Carmen Hernández Barrera


November 24th, 1930,
† Madrid, July 19th, 2016

Carmen Hernández Barrera

Carmen was, along with Kiko, an initiator of the Way. She was born in Ólvega (Soria, España) on November 24th, 1930. She was the fifth of nine children, four men and five women; she lived her childhood years in Tudela (Navarra, Spain).

In Tudela, she studied at the school of the Compañía de María (Company of Mary) and had contact with the Compañía de Jesús (Jesuits). Being influenced by the missionary spirit of St. Francis Xavier from a young age, she felt that her vocation was to go on mission to India. Following her father’s wishes, she began to study chemistry in 1948 in Madrid, where she graduated with the highest grades in 1954.

For a time, she worked with her father in the food industry, in a factory that the family had in Andújar (Jaén) but decided to leave the job to move to Javier, where she entered into a new missionary institute, the Missionaries of Christ Jesus. After her time in the novitiate, she studied theology in the house of theological formation for religious in Valencia. In 1960, she was assigned to India. To prepare for that mission she had to go to London, (India is a member state of the British Commonwealth), where she remained for a year. At that time, there was a change of direction in the Missionaries of Christ Jesus which limited the openness to the mission of the order, so Carmen returned from London to Barcelona. There she met Father Pedro Farnés Scherer, who had just completed his studies at the Institute of Liturgy in Paris, shortly before the Second Vatican Council and who after this actively participated in the Council for its realization.

In his classes, Fr. Farnés presented the paschal sources of the Eucharist and a renewed ecclesiology that showed the Church as light of the nations. Carmen’s live contact with the authors of this conciliar renewal later on had a great influence in the formation of the catechesis of the Neocatechumenal Way.

Carmen spent two years, from the middle of 1963 to the middle of 1964, in the Holy Land with her Bible, visiting the Holy Places. On her return to Madrid, she began to work in the shanty towns of the outskirts, thinking of going as a missionary to Bolivia with other celibate lay people. However, there she met Kiko Argüello, who lived in the shanty town of Palomeras Altas, and she decided to stay in the same area. In the midst of the poor, they both discovered the strength of the Paschal Mystery and of the preaching of the Kerygma (the Good News of the dead and risen Christ) and they saw the birth of the first community. Thanks to the confirmation of this new reality by the then Archbishop of Madrid, His Grace Casimiro Morcillo, Carmen started to work with Kiko, bringing this work of renewal in the Church to parishes, first in Madrid, then in Rome and thereafter in other cities and nations.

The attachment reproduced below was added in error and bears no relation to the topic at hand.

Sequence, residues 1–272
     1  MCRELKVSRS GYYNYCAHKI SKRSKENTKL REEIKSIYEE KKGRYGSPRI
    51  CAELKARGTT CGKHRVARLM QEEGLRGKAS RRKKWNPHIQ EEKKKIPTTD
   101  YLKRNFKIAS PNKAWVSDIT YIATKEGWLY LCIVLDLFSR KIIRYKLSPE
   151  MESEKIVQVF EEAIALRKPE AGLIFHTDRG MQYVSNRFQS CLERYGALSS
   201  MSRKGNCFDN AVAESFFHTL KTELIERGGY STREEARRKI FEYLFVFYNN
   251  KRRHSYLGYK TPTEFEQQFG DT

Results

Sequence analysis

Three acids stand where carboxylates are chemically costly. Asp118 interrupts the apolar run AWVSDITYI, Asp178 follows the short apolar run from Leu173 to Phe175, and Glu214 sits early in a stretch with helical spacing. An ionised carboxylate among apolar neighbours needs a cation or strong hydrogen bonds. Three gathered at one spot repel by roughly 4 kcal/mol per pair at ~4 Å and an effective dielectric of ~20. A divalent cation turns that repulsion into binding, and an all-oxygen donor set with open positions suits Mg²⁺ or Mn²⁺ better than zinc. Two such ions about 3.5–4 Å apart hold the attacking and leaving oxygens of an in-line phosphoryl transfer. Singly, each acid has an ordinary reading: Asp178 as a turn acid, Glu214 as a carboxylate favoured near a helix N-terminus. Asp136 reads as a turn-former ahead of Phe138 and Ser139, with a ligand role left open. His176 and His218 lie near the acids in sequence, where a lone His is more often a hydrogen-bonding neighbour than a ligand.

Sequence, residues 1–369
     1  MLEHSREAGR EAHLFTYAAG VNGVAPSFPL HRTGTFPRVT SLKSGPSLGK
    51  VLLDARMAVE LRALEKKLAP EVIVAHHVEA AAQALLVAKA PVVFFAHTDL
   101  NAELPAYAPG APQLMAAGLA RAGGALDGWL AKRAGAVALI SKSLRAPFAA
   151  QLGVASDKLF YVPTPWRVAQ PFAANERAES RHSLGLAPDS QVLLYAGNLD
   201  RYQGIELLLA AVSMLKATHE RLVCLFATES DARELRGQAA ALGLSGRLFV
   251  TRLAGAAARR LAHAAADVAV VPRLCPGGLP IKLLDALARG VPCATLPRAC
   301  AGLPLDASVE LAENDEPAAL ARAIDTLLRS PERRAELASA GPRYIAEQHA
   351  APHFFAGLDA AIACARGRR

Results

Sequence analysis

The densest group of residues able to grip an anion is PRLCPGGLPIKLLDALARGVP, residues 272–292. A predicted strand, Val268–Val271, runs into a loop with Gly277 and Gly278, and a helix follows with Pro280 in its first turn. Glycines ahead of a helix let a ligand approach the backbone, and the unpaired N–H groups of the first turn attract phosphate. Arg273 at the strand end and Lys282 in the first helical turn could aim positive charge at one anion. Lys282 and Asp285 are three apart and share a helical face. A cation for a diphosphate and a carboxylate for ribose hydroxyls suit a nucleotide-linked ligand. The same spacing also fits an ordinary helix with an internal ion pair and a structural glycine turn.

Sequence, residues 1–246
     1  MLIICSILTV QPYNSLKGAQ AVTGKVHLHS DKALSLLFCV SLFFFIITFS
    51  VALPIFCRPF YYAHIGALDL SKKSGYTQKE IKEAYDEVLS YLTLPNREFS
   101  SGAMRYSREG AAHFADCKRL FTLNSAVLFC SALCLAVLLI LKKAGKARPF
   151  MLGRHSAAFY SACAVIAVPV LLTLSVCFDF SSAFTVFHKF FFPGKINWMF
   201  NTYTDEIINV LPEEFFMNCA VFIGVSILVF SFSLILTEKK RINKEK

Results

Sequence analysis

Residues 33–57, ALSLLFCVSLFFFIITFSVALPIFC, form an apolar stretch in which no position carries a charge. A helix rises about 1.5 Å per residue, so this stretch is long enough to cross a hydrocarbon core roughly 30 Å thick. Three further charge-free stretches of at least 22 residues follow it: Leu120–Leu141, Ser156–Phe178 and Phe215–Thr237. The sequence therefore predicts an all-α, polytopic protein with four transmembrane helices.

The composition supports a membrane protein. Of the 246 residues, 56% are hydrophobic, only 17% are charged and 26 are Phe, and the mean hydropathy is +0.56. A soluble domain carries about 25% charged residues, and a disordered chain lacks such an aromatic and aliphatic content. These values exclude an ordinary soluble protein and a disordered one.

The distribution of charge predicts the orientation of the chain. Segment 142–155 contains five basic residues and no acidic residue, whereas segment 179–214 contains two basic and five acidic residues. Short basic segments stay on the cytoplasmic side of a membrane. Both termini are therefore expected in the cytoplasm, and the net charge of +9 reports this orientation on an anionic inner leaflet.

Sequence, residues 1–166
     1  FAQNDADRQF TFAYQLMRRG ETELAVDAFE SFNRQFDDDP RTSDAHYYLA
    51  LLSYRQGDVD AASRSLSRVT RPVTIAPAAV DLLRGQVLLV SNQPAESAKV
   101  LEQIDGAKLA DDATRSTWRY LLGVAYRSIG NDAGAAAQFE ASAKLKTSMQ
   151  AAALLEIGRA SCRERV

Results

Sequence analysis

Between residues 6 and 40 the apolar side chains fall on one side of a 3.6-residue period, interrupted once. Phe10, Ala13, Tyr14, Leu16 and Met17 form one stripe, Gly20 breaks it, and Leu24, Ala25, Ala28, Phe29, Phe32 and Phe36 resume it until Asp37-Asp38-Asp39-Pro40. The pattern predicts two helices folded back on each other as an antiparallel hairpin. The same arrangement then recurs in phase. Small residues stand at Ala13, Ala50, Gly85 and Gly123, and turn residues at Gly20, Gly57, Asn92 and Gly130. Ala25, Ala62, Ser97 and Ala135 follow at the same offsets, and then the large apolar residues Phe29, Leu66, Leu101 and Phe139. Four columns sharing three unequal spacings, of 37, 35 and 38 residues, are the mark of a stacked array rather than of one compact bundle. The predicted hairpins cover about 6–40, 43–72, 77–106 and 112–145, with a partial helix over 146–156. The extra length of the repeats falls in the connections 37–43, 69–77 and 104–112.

Carmen Hernández passed away on July 19th 2016 in Madrid, Spain. At her funeral, presided over by the Cardinal Archbishop of Madrid, Carlos Osoro Sierra, and attended by thousands of people, Fr. Mario Pezzi emphasized that with the Way, it is “the first time in history that an ecclesial reality has been founded by a man and a woman who have constantly collaborated together for over 50 years.” Besides this, the Pope sent a message in which he said he had received “with emotion” the news of Carmen’s death and highlighted her long life “marked by her love of Jesus and by a great missionary enthusiasm.” “I give thanks to the Lord for the witness of this woman who, encouraged by a sincere love for the Church, has spent her life announcing the Good News in every place, even the most far away, never forgetting the most marginalized people,” wrote Pope Francis.